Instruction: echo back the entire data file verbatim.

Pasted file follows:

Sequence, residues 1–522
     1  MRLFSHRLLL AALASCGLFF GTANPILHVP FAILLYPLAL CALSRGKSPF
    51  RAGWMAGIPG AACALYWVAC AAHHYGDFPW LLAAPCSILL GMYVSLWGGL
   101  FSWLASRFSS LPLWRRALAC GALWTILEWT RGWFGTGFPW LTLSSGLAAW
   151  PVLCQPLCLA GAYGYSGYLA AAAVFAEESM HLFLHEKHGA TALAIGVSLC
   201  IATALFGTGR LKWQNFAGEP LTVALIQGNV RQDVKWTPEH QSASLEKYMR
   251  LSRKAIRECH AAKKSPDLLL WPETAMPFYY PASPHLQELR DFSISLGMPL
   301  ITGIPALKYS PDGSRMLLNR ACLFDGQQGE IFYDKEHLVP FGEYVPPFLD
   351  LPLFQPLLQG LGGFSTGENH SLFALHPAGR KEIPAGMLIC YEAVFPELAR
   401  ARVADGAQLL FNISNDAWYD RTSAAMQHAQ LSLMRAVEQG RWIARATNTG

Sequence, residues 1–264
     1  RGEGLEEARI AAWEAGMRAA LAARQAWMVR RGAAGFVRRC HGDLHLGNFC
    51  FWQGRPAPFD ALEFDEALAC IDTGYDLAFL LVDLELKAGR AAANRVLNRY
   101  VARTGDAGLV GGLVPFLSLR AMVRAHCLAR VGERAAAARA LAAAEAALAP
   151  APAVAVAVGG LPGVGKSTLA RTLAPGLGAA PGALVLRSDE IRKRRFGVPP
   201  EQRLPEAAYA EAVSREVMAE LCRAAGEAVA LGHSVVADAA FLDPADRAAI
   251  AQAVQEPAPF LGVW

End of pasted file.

Sequence, residues 1–522
     1  MRLFSHRLLL AALASCGLFF GTANPILHVP FAILLYPLAL CALSRGKSPF
    51  RAGWMAGIPG AACALYWVAC AAHHYGDFPW LLAAPCSILL GMYVSLWGGL
   101  FSWLASRFSS LPLWRRALAC GALWTILEWT RGWFGTGFPW LTLSSGLAAW
   151  PVLCQPLCLA GAYGYSGYLA AAAVFAEESM HLFLHEKHGA TALAIGVSLC
   201  IATALFGTGR LKWQNFAGEP LTVALIQGNV RQDVKWTPEH QSASLEKYMR
   251  LSRKAIRECH AAKKSPDLLL WPETAMPFYY PASPHLQELR DFSISLGMPL
   301  ITGIPALKYS PDGSRMLLNR ACLFDGQQGE IFYDKEHLVP FGEYVPPFLD
   351  LPLFQPLLQG LGGFSTGENH SLFALHPAGR KEIPAGMLIC YEAVFPELAR
   401  ARVADGAQLL FNISNDAWYD RTSAAMQHAQ LSLMRAVEQG RWIARATNTG

Sequence, residues 1–264
     1  RGEGLEEARI AAWEAGMRAA LAARQAWMVR RGAAGFVRRC HGDLHLGNFC
    51  FWQGRPAPFD ALEFDEALAC IDTGYDLAFL LVDLELKAGR AAANRVLNRY
   101  VARTGDAGLV GGLVPFLSLR AMVRAHCLAR VGERAAAARA LAAAEAALAP
   151  APAVAVAVGG LPGVGKSTLA RTLAPGLGAA PGALVLRSDE IRKRRFGVPP
   201  EQRLPEAAYA EAVSREVMAE LCRAAGEAVA LGHSVVADAA FLDPADRAAI
   251  AQAVQEPAPF LGVW